YouLead Week: Culture

Another great feature of the YouLead curriculum is the Culture category. We take a person, organization, or story from current culture and draw applications from it that can be used in your own leadership and ministry. One of my favorites is about Walt Disney as a leader. Here are some excerpts, and then you can find the link to the full PDF at the end.



We all have the desire to be a part of a story. And no one understood the power of story better than Walt. He wanted his animations and theme parks to create experiences, that would leave a lasting impression. When Walt delved into nature documentaries, he added a storyline to these films, and they took off. He made “these stories familiar ones of loving family life, persevering in the face of hardships, or basic good versus evil.” (Walt Disney, A Biography p.112)

We want to be a part of a story. We want to be the rescuer or the one being rescued, and everyone wants to see good triumph over evil. Stories are powerful, and the story we have to tell is far bigger then the ones Walt told. Are you inviting people to be a part of the story?

Walt was always aware of the cultural changes that were occurring around him. In 1927, the movie The Jazz Singer, hit the theatres, and the most remarkable thing happened when Al Jolson opened his mouth—you could hear the song he sang. Up until then, all movies had been silent. This would change movie production forever.
And Walt was right there learning with the best of them. In 1928 he created the first sound Mickey cartoon, Steamboat Willie. “It is an ingenious piece of work with a good deal of fun. It growls, whines, squeaks and makes various other sounds that add to its mirthful quality.” (Walt Disney, A Biography p. 46) From that moment, he changed the world of animation.

Change happens. There will always be new technologies, new inventions, new gadgets and if we are going to remain relevant to this generation, then we have to be aware of these cultural changes. Walt never would have survived had he still been showing silent, black and white cartoons.

The Walt Disney Company is known for how well they care for their employees, given Walt’s style you can see where they get it. Walt was known for not only being able to delegate responsibilities but was known to give bonuses if ideas made it to film, and additional bonuses for getting work done on time.
Walt also set expectations that were achievable. He knew exactly what it took to be a good animator and when he asked his art director to hire several hundred artists, he had a comprehensive list of the characteristics of a good animator and his general philosophy.

Maybe the opposite of criticism isn’t compliments but setting clear expectations? How many times have you been dissatisfied with the results of a project, only to realize the fault lies with you and your unclear expectations. With every assignment, project or lesson, be clear about what you hope to accomplish. It can help define true success.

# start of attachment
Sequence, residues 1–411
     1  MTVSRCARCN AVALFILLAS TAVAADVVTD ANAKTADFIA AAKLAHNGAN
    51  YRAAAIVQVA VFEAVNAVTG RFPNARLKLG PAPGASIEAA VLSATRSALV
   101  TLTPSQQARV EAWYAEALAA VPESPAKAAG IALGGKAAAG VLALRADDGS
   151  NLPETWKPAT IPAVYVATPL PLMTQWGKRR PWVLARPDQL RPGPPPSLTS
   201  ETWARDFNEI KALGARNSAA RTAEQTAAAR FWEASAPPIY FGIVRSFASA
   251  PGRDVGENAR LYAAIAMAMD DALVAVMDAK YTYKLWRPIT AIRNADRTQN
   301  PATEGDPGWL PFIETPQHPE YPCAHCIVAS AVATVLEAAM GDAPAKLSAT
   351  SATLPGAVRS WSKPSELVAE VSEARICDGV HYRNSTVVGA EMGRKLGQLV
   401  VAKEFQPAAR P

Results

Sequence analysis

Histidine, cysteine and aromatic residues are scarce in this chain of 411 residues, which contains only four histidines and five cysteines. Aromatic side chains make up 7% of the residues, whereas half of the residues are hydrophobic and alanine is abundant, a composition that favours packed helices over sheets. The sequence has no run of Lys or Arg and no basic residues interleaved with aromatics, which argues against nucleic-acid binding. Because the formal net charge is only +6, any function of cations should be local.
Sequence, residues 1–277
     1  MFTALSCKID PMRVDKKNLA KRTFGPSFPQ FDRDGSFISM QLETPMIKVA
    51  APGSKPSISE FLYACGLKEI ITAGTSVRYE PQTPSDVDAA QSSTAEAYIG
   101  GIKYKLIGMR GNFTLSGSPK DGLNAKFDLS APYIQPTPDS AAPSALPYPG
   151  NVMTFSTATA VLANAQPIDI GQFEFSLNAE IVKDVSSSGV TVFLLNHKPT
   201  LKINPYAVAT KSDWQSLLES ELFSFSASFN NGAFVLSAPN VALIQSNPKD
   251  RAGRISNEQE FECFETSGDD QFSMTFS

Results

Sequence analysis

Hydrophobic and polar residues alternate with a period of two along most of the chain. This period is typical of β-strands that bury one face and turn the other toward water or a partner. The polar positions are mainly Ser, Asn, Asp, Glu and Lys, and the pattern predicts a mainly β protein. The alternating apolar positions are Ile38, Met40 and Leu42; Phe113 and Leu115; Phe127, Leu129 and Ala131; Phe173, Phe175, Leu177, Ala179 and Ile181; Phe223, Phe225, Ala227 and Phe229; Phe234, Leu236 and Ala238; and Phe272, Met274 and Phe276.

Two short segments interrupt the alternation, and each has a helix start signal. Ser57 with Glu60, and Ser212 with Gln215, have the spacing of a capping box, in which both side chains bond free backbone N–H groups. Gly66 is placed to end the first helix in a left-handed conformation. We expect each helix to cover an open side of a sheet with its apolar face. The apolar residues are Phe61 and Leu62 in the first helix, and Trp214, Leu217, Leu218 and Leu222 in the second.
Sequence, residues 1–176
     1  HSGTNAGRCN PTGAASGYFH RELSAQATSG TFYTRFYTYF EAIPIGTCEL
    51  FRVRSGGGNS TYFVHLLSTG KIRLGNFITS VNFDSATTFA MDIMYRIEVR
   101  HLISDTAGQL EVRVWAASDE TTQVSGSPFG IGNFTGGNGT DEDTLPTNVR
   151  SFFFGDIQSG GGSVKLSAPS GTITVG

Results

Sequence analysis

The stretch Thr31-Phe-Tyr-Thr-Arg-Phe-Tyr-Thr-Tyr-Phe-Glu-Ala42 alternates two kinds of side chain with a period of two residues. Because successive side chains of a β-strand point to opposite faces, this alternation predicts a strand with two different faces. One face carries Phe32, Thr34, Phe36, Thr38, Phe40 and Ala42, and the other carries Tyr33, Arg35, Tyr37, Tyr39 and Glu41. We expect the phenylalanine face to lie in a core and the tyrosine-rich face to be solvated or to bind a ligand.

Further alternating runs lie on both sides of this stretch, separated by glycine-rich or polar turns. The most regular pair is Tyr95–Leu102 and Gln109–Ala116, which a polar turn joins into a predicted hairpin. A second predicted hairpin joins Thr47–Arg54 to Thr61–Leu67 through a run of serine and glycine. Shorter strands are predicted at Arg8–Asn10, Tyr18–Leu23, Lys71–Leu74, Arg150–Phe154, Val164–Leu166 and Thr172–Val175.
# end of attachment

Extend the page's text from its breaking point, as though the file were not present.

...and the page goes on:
The Magic Kingdom was like nothing anyone had ever seen before. It would have been easy for Walt to sit back and enjoy his creation. But he didn’t. He continued to evaluate what he was doing, to make improvements. He was a maximizer—he continued to add to the park, each addition “reflecting new technologies, new concepts in storytelling, replacements for failed rides, or new Disney movies and animations.” (Walt Disney, A Biography p. 131)
A press release on the first anniversary stated that “in keeping with Walt Disney’s policy, the Park will continue to expand and refine its operation to offer unparalleled entertainment to its millions of visitors each year.”’

If you are a maximizer, that means you are probably never quite satisfied with the results. You are always wanting to make things better. If you know a maximizer and you aren’t one, they probably really frustrate you. They never seem happy, and are always ready to make the next thing better. Maybe balance is the key—evaluate what is going well and what isn’t, and then make plans for change.

Walt was a great leader, but he “never did build an organization in the strictest sense of that word. What he built was a loosely unified group of talented people with particular abilities who could work together in continually changing patterns. They did this with a minimum of command and a maximum of dedication.” (Walt Disney, A Biography p. 78)

There is a difference between leading and controlling. Do you give your volunteers and staff room to be creative? Are you able to cast vision, and give direction without limiting the talents and abilities of the rest of your team? If you can do this, you will create a devoted team, committed to seeing your vision happen.


Click here to see the full PDF.

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